While true in some cases and perhaps in this one, there are a number of cases where unpopular bikes become collectable, notably the 888 and early year BMW R75 among many others. The 888 was around for 2-3 years and didn't sell, mainly because of 916 rumors. Many 888's were sent back to Italy and the frames that Ducati had produced were used for the Monster. The R75 came out in '71 with chrome side panels on the tank and the "faithful" hated the thing as being to garish - essentially not boring enough for them. Both of these bikes were unpopular and didn't sell in the years they were available and are now collectable.
It is true that some things don't sell well in period, but as time marches on they become appreciated more.
Those tend to fall into the "ahead of their time" category.
I think that is not the normal outcome though.
The other thing to deal with in regards to rare, is the actual size of the market.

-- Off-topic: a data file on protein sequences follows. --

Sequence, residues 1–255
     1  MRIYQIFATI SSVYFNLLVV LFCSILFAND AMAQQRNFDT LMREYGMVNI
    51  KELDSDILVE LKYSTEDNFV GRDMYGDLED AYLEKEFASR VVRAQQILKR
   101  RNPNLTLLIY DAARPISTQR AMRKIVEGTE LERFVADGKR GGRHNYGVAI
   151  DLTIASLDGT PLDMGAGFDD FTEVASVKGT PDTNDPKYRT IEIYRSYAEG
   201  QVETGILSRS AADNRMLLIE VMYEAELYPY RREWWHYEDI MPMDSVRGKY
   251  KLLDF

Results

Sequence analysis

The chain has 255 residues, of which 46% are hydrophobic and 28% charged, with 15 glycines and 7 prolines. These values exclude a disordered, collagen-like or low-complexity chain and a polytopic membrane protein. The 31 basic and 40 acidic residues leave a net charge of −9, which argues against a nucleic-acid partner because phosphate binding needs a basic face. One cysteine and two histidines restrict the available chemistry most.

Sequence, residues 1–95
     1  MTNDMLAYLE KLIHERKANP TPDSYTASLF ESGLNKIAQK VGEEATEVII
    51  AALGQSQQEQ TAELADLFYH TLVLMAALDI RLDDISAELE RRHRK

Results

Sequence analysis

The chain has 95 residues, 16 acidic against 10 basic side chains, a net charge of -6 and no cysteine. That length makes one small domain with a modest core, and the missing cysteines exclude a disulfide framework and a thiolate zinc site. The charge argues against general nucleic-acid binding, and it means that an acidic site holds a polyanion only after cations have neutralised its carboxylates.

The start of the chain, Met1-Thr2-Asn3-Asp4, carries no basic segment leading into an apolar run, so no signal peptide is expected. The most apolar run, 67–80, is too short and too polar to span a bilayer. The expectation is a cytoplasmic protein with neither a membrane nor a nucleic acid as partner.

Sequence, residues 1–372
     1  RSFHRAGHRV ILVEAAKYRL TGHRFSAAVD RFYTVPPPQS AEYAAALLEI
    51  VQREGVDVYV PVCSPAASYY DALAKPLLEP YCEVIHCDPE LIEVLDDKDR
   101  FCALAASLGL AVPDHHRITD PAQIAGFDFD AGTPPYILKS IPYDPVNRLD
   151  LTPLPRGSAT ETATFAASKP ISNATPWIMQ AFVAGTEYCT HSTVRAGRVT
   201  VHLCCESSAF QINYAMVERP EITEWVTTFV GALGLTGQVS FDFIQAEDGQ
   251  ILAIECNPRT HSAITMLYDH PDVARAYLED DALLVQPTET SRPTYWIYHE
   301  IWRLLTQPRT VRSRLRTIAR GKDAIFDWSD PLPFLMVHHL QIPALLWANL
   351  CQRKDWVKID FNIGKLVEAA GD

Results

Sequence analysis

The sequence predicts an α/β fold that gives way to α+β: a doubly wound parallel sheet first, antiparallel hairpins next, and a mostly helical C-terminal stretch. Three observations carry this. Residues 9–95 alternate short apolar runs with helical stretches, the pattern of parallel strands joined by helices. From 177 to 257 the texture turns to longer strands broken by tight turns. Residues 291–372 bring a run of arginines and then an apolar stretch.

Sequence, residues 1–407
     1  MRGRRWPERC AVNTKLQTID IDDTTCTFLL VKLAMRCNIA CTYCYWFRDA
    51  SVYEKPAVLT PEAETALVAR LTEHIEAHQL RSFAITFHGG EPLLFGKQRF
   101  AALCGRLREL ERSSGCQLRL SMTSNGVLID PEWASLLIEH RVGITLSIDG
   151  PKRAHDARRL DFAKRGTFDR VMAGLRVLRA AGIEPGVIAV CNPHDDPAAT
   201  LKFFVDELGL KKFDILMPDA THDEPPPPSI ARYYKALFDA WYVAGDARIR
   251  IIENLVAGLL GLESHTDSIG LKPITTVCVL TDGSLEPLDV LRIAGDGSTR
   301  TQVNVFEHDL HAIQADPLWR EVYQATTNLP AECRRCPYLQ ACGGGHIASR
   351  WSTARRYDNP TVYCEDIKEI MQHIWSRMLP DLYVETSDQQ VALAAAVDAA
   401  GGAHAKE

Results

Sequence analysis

When Ferrari makes 300 of some special car, but there are 1,000 people in the world with the ability to buy it.....the prices stay strong.
It is both rare, and something with a demand.
Morgan does not make a tone of cars each year, but there really isn't a huge demand for them. So prices do not go up at all.
They are rare, but supply/demand is about equal.
Same thing holds true in the "vintage" motorcycles.
I have owned some very rare bikes, but some have been so special and rare that there are less people that care about them then bikes built.
So for that it was rare, but demand was not there.
Most limited production bikes still depreciate as they end up just being seen as "used" for a while.
That is what always made me wonder about sport classics.
They were not rare.
They didnt have demand when new.